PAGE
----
Military Wiki
Battle of Allatoona
Part of the American Civil War
Battle of Allatoona Pass by Thure de Thulstrup.jpg
Battle of Allatoona Pass, 1897 illustration
DateOctober 5, 1864 (1864-10-05)
LocationBartow County, Georgia
Result Union victory
 United States (Union)  CSA (Confederacy)
Commanders and leaders
John M. Corse Samuel G. French
2,025[1] 3,276[1]
Casualties and losses
706[1] 897[1]

The Battle of Allatoona, also known as the Battle of Allatoona Pass, was fought October 5, 1864, in Bartow County, Georgia, as part of the Franklin-Nashville Campaign of the American Civil War. A Confederate division under Maj. Gen. Samuel G. French attacked a Union garrison under Brig. Gen. John M. Corse, but was unable to dislodge it from its fortified position protecting the railroad through Allatoona Pass.


After the fall of Atlanta, Lt. Gen. John Bell Hood moved the Confederate Army of Tennessee northward to threaten the Western and Atlantic Railroad, Maj. Gen. William T. Sherman's supply line. Hood's corps under Lt. Gen. Alexander P. Stewart attacked a number of minor garrisons and damaged track from October 2 to October 4. Hood ordered Stewart to send a division to attack the Federal supply base where the railroad ran through a deep gap in the Allatoona Mountain range and then move north to burn the bridge over the Etowah River. At Hood's suggestion, Stewart selected the division of Maj. Gen. Samuel G. French, three brigades commanded by Brig. Gens. Claudius Sears, Francis M. Cockrell, and William Hugh Young.[2]

The small Federal garrison, commanded by Col. John Eaton Tourtellotte, was a partial brigade (1st Brigade, 3rd Division, XV Corps), consisting of the 93rd Illinois Infantry, 18th Wisconsin Infantry, and Tourtellotte's own 4th Minnesota Infantry. Before the Southern division arrived, Sherman sent a reinforcement brigade (3rd Brigade, 4th Division, XV Corps) to Allatoona, under the division commander, Brig. Gen. John M. Corse, who took command of both brigades. The Federal troops occupied strong defensive positions in two earthen redoubts on each side of a 180 feet (55 m), 65 feet (20 m) deep railroad cut and many of the men, including the entire 7th Illinois, were armed with Henry repeating rifles.[3]


French's division arrived near Allatoona at sunrise on October 5. After a two-hour artillery bombardment by twelve Confederate manufactured 12 pounder brass Napoleon guns of Myrick's Artillery Battalion[4] manned by men of Capt. Alcide Bouanchaud's Battery [the Pointe Coupee Artillery), (Louisiana)[5]], Capt. James J. Cowan's Battery of Warren County, Mississippi and Captain Robert L. Barry's Battery [Lookout Artillery (Tennessee Volunteers)]. French sent a demand for surrender, which Corse refused. French then launched his brigades in an attack—Sears from the north (against the rear of the fortifications) and Cockrell, supported by Young, from the west. Corse's men survived the sustained two-hour attack against the main fortification, the Star Fort on the western side of the railroad cut, but were pinned down and Tourtellotte sent reinforcements from the eastern fort. Under heavy pressure, it seemed inevitable that the Federals would be forced to surrender, but by noon French received a false report from his cavalry that a strong Union force was approaching from Acworth, so he withdrew at 2 p.m.[6]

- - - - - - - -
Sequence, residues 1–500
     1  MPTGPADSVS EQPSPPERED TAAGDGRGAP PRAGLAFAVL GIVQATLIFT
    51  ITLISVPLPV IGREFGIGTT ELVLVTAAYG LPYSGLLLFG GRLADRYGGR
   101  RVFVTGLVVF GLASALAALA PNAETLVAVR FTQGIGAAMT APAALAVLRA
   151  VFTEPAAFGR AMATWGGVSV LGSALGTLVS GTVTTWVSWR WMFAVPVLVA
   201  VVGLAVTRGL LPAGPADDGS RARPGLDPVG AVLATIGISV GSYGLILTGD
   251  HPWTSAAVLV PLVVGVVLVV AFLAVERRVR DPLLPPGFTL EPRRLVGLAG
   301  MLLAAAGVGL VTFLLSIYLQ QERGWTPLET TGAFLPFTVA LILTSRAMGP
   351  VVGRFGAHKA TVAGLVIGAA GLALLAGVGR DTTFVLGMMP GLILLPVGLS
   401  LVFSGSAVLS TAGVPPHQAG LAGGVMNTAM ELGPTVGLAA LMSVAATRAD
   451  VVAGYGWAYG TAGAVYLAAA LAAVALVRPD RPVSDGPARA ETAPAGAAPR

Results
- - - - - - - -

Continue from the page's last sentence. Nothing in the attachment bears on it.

Allatoona was a relatively small, but bloody battle with high percentages of casualties: 706 Union (including about 200 prisoners) and 897 Confederate. Corse was wounded during the battle and on the following day sent a message to Sherman: "I am short a cheek bone and one ear, but am able to whip all hell yet." French was unsuccessful in seizing the railroad cut and Federal garrison, regretting in particular that he was unable to seize the one million rations stored there, or to burn them before he retreated.[7]

There is a persistent myth that Sherman signaled the garrison to "hold the fort" while reinforcements were rushing to their relief, and that intercepting this signal may have been a factor in causing the Confederates to withdraw. Sherman denied the story and in fact the relief column under Maj. Gen. Jacob D. Cox did not arrive until two days after the battle. Nevertheless, the quotation "hold the fort" is attributed to Sherman. The most likely source of the quotation was a hymn entitled Hold the Fort by Chicago evangelist Philip P. Bliss, which featured the chorus, "Hold the fort; for we are coming, Union men be strong."[1]

See also


  1. 1.0 1.1 1.2 1.3 1.4 Kennedy, p. 391.
  2. Kennedy, p. 390.
  3. Welcher, p. 584; Kennedy, p. 390.
  4. Major John D. Myrick
  5. Evans, vol. 10, p. 195.
  6. Welcher, p. 584; Kennedy, p. 391; Sword, p. 56.
  7. Kennedy, p. 391; Jacobson, p. 38; Sword, pp. 55-56, 59.


External links

Coordinates: 34°06′58″N 84°42′58″W / 34.116°N 84.716°W / 34.116; -84.716

This page uses Creative Commons Licensed content from Wikipedia (view authors).